In the first part, Goenka discusses at length how Indian cinema not only undergoes many changes but also how it strived to establish itself in the face of many strong forces and challenges. The recognition of moviemaking business as an ‘industry’ by the Indian Government makes it possible for filmmakers to improvise their films qualitatively and also experiment with new technologies which gives the audience a totally new and refreshing taste of Indian cinema.
The second part covers about 80% of the book which is further divided into five sections based on the cultural and geographical inclinations of a filmmaker, viz. North, South, East, West and The World. Goenka spends more time on the first section which comprises interviews of filmmakers such as Yash Chopra and Shyam Benegal. The first section which is devoted to filmmakers from the Hindi-speaking belt of India seeks to understand how the cultural and political contexts of North India are projected in their films.
The last section titled ‘The World’ on diasporic filmmaker Mira Nair offers another view of Indian cinema. With the huge number of Indians living in other countries, there is always a longing for ‘home’, a sense of closeness to Indian culture and it is in cinema that they find solace. The universal issues such as search for identity, sexuality which Mira Nair takes up in her films indicates the globalizing of Indian cinema. This section manages to give a global nature both to the book as well as Indian cinema.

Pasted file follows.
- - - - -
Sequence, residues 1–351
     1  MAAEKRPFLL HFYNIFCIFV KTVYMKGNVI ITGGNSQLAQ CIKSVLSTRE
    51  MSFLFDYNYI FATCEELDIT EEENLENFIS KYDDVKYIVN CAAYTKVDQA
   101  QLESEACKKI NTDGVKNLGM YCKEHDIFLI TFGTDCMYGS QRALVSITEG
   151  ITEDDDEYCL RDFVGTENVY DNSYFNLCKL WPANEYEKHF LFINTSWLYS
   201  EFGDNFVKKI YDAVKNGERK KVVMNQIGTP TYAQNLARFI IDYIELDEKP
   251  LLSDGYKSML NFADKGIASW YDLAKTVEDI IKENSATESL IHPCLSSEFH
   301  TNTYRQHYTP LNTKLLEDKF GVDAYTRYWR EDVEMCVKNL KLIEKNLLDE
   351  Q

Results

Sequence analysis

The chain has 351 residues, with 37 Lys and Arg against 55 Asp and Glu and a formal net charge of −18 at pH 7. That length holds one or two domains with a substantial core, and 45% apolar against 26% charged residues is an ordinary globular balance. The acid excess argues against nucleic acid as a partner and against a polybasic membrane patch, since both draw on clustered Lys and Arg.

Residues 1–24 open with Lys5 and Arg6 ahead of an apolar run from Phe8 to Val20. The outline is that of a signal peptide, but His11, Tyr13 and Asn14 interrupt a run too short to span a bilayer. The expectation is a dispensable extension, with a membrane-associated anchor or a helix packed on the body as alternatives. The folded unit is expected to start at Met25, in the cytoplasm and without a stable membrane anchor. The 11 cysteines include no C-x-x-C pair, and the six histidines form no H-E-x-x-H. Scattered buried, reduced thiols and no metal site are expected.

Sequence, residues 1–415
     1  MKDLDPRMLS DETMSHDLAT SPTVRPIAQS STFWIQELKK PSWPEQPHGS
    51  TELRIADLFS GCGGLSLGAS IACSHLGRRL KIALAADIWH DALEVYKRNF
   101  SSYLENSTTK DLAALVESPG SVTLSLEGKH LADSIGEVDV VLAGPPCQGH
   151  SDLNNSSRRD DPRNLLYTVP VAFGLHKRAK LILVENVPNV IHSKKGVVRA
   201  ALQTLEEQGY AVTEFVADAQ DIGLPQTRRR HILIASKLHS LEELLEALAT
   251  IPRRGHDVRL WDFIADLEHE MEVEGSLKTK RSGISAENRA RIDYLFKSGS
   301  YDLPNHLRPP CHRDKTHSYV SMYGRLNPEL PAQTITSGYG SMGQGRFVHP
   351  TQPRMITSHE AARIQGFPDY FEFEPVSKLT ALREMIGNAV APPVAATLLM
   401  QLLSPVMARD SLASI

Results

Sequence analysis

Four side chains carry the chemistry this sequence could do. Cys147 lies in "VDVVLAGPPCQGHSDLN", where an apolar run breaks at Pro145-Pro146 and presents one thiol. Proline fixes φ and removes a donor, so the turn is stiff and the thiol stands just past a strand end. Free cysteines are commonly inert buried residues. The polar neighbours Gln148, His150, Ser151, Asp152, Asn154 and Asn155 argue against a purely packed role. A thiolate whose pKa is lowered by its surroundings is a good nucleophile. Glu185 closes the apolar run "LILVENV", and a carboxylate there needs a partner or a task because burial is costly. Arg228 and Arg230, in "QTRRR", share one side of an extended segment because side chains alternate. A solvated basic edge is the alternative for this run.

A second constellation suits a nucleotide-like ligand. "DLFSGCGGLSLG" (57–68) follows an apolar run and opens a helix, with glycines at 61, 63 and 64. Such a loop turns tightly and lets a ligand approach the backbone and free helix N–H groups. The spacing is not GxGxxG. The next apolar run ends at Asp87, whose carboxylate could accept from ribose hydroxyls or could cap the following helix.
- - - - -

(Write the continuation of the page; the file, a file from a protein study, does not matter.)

The way the author organizes a group of filmmakers under one category and another group in a different category based on their styles of storytelling and also based on the specific cultural and political contexts of their films is quite splendid. The book is well organized in its structure and informative with the factual details about each filmmaker provided at the end of each chapter.
However, one drawback about the book is that some of the questions the interviewer poses do not attribute much to the author’s quest in elucidating the pertinent issues about Indian cinema. One example is the first question asked to Farhan Akhtar about how he feels to have become ‘the thinking women’s sex symbol. At some point, the interviewer asks some questions that could perhaps be better left just as the filmmaker’s personal experience, as in the question asked to filmmaker Mrinal Sen about his experience as a Member of Parliament few years ago.
The book is an attempt to sieve authentic voices from the melee of voices claiming to be authentic. Goenka’s book not only records interviews but also deconstructs some of the misconceptions around Indian cinema.
Krispa Ningombam is pursuing MPhil at the Department of English, University of Delhi, Delhi.